A healthy gut is key to mental and physical health. And while you might think of your gut as a place for food to go in and waste products to come out, it’s more than a dumping ground. It’s where you absorb the nutrients from food.
In addition, 70% of your immune system lies in your gut and a diverse and robust gut microbiome helps maximize its function. The bacteria that reside in your gut also produce vitamins, like vitamin K, which are important for health. Experts even refer to the gut as the “second brain,” since it produces some of the same neurotransmitters that the brain does.
So, it’s not hard to see why gut health matters. Is your gut as healthy as it should be? Let’s look at some ways to help your gut achieve a healthier balance.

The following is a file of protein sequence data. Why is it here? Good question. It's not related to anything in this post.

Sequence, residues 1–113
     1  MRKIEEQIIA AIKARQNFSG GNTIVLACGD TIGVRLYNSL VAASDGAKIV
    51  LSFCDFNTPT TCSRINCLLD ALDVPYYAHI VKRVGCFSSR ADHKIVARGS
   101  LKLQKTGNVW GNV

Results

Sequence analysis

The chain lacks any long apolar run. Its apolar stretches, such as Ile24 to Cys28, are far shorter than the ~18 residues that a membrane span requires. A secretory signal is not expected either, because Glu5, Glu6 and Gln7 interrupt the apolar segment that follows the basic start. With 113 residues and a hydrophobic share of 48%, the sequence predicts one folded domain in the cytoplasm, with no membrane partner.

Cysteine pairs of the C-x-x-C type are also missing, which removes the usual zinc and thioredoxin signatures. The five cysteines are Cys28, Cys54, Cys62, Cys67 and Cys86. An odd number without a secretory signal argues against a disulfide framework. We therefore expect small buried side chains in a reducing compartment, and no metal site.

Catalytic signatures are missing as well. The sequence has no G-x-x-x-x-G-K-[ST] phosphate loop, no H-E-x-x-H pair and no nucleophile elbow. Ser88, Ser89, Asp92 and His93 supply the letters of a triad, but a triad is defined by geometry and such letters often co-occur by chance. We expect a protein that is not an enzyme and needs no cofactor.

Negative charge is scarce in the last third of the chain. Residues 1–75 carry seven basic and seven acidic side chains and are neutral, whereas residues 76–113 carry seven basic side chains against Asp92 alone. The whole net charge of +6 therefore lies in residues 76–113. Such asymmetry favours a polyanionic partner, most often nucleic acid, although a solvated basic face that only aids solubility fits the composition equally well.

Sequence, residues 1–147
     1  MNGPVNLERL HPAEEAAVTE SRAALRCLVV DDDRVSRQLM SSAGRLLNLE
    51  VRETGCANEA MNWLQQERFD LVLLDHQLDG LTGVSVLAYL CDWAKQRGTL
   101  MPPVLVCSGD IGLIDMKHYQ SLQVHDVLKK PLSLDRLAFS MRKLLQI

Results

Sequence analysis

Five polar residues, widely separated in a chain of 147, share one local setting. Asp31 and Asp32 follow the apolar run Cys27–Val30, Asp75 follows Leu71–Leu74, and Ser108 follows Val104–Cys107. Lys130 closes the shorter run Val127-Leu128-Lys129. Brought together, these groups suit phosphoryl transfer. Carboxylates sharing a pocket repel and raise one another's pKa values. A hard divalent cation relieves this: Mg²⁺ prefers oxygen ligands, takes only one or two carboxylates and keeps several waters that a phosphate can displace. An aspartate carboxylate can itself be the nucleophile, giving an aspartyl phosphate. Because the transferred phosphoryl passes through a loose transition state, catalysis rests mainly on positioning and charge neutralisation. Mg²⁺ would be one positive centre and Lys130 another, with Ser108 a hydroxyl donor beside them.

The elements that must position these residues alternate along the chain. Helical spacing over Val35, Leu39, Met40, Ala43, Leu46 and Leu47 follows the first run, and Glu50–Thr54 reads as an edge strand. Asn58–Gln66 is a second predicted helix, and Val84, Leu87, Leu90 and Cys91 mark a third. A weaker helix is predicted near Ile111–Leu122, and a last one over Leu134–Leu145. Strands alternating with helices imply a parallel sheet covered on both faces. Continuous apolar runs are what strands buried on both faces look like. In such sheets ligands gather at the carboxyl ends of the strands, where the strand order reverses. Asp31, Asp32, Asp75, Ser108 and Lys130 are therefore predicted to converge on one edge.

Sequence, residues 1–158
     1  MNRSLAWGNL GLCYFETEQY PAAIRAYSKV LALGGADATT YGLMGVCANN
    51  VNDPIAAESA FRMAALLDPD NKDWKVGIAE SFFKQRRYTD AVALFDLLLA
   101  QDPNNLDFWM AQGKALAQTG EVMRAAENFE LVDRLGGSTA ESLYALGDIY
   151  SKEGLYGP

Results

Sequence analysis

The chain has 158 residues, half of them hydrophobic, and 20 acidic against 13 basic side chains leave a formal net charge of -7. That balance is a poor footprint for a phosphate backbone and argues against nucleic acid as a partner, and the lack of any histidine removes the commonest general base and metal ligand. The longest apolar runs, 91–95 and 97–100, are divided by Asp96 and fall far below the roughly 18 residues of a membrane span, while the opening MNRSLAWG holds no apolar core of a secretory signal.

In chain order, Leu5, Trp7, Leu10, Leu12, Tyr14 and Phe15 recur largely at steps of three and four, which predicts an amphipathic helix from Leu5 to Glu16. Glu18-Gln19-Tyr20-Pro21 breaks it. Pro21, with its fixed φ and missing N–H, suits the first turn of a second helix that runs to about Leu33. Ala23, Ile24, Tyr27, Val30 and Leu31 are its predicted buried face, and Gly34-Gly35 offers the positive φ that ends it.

Add Fermented Foods to Your Diet
Fermented foods contain gut-friendly bacteria that help maintain a healthy gut balance. Yogurt and sauerkraut are two examples of foods with beneficial bacteria that can help keep your digestive system in balance. Yogurt is made by fermenting milk with either Lactobacillus bulgaricus or Streptococcus thermophilus cultures (both strains of friendly bacteria). But yogurt isn’t your only option. Fermented vegetables (like fresh sauerkraut) are a healthy addition to your plate and seed your gut with beneficial bacteria. Fermented foods are also an excellent source of vitamins and minerals, and they are easy to digest.
Add More Fiber to Your Plate
The fiber in foods like fruits, vegetables, and whole grains helps keep your digestive tract healthy. They do this by providing a steady supply of food for beneficial bacteria in our gut. So how much fiber should you eat? The Institute of Medicine recommends 25 grams per day for women and 38 grams per day for men. You can get this amount by eating whole grains, seeds, nuts, fruits, and vegetables.